Who here has a favourite movie soundtrack that they have listened to over and over again until it gets to the point where that song/those songs no longer exist separately from the film. It’s kind of like reading a book and then seeing the film adaptation for the first time. Your initial interpretation somehow vanishes and all you’re left with is someone else’s visualization of a narrative you fell in love with. I mean, if you remember what your vision of paperback Harry Potter was before Daniel Radcliffe came around and eradicated it, good for you! I don’t know how you do it. Like adaptations, soundtracks become so attached to films (and television shows- The O.C.!!) that it is almost impossible to imagine their existence beforehand.
Personally, most of the songs on the Save the Last Dance soundtrack have this impression on my mind. What makes this soundtrack, and many MANY others, so magical is how they are fused together with the soundtracks of our own lives. If you hear Ice Cube’s “You Can Do It” without thinking of Save the Last Dance plus how OLD you were (11) and WHERE you were (basketball team sleepover) when you watched that life changing dance scene (maybe not life changing, but memorable nonetheless), then, well, I’m sorry you missed out! But if it’s not this movie, then it’s another film or television show and another soundtrack that transports you back to that particular time and place in your life where you felt something. I feel the same way about the soundtrack for The Shawshank Redemption. I actually spent some of my birthday money one year (happy 15th birthday to me!) on buying that soundtrack so I could listen to the opening score (on repeat) that takes us on a journey into the Shawshank prison for the first time. Plus Hank Williams and the opera number by Edith Mathis and Gundula Janowitz. These songs take me back to watching the movie for the first time with my dad as a kid as well as my high school art room where I listened to this soundtrack during our work periods in my Walkman (ha!). I still listen to it and I’m automatically inspired. Same goes for “Moon River” sung by Audrey Hepburn in Breakfast at Tiffany’s. These sounds have made up part of my life soundtrack, which by default seeps into my art soundtrack.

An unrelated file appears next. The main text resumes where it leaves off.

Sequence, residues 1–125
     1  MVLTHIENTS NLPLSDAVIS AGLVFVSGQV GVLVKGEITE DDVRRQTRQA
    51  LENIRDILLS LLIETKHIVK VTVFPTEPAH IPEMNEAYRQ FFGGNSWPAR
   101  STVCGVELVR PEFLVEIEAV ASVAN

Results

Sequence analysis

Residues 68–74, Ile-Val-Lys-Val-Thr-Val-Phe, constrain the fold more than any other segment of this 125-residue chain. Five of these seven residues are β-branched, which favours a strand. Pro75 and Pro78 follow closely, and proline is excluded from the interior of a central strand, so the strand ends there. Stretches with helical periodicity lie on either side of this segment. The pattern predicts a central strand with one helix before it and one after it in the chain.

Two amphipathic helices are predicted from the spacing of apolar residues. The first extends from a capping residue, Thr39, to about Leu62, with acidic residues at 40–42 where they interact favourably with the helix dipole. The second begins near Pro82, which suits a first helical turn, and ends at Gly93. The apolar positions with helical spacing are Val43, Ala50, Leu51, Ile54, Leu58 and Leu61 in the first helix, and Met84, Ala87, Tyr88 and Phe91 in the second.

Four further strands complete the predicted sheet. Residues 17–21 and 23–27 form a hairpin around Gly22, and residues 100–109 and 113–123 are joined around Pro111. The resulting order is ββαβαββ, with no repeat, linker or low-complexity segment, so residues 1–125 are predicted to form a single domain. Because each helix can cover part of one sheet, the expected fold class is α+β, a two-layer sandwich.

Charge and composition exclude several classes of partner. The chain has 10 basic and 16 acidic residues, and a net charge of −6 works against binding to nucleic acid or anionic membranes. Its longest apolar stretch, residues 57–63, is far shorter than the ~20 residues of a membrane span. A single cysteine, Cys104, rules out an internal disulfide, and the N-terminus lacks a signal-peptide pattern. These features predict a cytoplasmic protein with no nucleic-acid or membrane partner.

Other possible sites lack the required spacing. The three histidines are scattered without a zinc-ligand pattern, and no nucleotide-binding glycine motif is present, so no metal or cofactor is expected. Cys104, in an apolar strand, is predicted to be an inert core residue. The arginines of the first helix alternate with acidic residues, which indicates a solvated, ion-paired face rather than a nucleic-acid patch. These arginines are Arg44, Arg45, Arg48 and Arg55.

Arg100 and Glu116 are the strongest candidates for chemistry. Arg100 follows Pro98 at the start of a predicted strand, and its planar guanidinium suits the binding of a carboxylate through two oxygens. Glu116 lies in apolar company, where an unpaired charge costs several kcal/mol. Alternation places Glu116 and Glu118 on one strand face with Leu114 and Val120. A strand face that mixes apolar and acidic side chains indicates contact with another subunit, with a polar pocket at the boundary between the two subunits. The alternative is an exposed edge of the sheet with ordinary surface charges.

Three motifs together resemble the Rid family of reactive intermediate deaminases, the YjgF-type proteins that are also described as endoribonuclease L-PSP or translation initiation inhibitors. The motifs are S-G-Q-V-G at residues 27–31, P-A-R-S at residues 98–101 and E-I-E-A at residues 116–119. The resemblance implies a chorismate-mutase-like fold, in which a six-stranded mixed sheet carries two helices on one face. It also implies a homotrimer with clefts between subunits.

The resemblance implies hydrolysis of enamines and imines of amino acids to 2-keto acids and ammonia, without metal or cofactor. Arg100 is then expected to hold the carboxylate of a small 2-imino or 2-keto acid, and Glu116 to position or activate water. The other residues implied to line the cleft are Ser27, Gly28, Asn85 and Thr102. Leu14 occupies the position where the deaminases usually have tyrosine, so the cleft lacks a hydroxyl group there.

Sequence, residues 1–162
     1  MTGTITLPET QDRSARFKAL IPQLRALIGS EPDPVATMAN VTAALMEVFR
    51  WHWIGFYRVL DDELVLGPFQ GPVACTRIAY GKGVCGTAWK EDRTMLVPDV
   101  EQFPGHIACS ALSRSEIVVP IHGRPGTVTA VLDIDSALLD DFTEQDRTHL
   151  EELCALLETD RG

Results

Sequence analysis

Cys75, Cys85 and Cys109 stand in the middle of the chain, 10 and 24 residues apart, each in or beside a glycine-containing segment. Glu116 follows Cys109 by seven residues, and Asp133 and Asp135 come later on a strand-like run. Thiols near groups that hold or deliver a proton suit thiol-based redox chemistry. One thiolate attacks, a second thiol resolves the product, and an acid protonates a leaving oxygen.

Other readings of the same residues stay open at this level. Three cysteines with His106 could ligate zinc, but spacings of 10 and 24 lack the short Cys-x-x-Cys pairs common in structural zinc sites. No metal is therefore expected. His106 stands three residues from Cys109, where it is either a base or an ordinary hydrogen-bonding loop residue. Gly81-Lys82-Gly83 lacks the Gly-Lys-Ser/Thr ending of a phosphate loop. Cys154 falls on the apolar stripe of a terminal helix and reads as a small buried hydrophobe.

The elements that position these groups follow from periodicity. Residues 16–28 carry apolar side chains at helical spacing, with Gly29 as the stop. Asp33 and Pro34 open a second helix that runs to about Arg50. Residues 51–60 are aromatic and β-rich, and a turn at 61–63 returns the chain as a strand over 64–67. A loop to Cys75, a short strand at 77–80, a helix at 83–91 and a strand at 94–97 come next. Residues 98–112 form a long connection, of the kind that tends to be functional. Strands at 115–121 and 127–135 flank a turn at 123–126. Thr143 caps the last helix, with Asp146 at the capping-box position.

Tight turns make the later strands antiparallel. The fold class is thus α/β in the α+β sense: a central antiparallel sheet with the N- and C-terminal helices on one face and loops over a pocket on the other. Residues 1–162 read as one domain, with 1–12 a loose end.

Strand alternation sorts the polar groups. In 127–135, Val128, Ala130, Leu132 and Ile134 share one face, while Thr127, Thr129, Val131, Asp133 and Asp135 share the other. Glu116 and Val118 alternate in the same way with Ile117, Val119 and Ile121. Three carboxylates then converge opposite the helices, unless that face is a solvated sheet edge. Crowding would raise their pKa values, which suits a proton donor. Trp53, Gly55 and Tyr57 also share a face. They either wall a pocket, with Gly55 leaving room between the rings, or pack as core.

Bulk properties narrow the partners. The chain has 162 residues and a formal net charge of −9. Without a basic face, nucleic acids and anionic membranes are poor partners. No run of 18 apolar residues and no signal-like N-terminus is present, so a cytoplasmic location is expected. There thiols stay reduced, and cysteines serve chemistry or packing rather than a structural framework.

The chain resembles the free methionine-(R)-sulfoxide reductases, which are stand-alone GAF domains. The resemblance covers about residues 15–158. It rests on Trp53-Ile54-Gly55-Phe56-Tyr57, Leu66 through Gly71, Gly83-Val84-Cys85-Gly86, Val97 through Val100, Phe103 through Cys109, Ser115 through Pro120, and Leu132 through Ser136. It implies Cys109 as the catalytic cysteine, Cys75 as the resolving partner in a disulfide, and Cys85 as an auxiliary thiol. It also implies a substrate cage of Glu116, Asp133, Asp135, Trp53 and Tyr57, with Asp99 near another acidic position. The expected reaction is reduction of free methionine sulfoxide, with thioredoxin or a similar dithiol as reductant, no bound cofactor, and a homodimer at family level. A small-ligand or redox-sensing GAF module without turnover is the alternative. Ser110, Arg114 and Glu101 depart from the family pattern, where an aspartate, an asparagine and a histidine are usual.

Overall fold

There are so many moods I paint through before I reach my paintings final emotional state, whether on paper or a canvas, and reconnecting with the songs that take me to a variety of times and places in my life helps me to recreate those emotions in a different way, altering and abstracting the memories slightly to create a new interpretation .
The journey is rich, and the sounds are beautiful.